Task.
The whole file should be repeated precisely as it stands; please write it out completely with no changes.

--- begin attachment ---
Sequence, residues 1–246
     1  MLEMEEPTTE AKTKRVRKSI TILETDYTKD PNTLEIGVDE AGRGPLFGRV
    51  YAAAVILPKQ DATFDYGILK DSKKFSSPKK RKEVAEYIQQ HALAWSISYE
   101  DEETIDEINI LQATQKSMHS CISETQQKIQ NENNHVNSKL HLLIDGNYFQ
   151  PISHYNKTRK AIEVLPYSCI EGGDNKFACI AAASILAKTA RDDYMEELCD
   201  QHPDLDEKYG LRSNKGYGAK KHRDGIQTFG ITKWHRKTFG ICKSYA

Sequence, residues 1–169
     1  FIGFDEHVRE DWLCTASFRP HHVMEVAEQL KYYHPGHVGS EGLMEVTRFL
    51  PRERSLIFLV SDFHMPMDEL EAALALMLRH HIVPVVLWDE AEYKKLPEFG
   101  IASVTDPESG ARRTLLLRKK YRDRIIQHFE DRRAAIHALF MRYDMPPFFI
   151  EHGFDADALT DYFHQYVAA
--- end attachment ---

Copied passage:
Sequence, residues 1–246
     1  MLEMEEPTTE AKTKRVRKSI TILETDYTKD PNTLEIGVDE AGRGPLFGRV
    51  YAAAVILPKQ DATFDYGILK DSKKFSSPKK RKEVAEYIQQ HALAWSISYE
   101  DEETIDEINI LQATQKSMHS CISETQQKIQ NENNHVNSKL HLLIDGNYFQ
   151  PISHYNKTRK AIEVLPYSCI EGGDNKFACI AAASILAKTA RDDYMEELCD
   201  QHPDLDEKYG LRSNKGYGAK KHRDGIQTFG ITKWHRKTFG ICKSYA

Sequence, residues 1–169
     1  FIGFDEHVRE DWLCTASFRP HHVMEVAEQL KYYHPGHVGS EGLMEVTRFL
    51  PRERSLIFLV SDFHMPMDEL EAALALMLRH HIVPVVLWDE AEYKKLPEFG
   101  IASVTDPESG ARRTLLLRKK YRDRIIQHFE DRRAAIHALF MRYDMPPFFI
   151  EHGFDADALT DYFHQYVAA